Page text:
The unthinkable can and does happen.
The unthinkable. The unimaginable.
The pain in your wife’s stomach that leads to the visit to the emergency room that leads to the call from the doctor saying one of the most feared words you can ever hear.
The next call that says the tests are done. There is no cure.
Your wife will die.
You will be left alone.
The unthinkable. The quickness in which a life you loved living turns dark. The long fall over the edge.
The dark. The cold. The emptiness.
The unthinkable happens again. The unimaginable.
Just when you accepted that your life had ended too. A light.
A new smile. A new partner. A guide who has made her way through the dark before is there to show you the way out.
The sun rises. You discover that falling in love doesn’t stop the grieving. But the grieving doesn’t stop you from falling in love. The sky is blue again.
We human beings are limited. So limited that we are not even aware of our own limitations. We cannot comprehend the worst.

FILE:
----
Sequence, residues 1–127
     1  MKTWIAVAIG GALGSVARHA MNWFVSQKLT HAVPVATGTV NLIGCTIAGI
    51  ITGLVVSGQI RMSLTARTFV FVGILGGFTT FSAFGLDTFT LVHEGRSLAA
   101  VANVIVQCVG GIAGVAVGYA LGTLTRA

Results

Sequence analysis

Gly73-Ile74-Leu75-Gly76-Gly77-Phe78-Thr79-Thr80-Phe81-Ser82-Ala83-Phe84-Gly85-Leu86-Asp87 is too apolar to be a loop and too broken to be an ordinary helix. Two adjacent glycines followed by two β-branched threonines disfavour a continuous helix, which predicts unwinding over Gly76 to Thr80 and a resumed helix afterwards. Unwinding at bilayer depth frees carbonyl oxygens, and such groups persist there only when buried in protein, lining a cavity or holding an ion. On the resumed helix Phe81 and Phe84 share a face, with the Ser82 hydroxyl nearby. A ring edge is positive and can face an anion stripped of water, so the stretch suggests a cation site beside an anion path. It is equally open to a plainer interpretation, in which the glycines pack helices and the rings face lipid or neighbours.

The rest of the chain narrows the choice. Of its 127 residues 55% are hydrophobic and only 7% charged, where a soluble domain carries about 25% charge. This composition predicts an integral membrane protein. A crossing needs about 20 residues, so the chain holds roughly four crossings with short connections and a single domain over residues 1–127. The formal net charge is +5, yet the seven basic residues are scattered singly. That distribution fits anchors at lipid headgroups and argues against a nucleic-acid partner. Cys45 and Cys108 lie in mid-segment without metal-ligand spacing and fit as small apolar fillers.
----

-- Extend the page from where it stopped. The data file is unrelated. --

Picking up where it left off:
But we also can’t comprehend the best.
The Passover story tells of a people who lived charmed lives in one of the most powerful nations on Earth.
Suddenly they found themselves tossed from their lofty position into abject slavery. The lights went out and they struggled on in the dark.
Many gave up hope and accepted that the sun would never rise again.
The unthinkable happened again.
Liberation. Redemption. A way out of the darkness.
To the Promised Land.
As Passover approaches I remember. I remember Stella’s smile and her love. I remember the horrible pain of losing her. I remember the darkness that closed in on me. And I remember meeting Gilly and how she pulled me out and gave me life again.
The Passover story teaches that we must understand that the lives we have today will not necessarily be the lives we have tomorrow.
But that the worst thing we could do is give up hope.
Even after all hope is lost.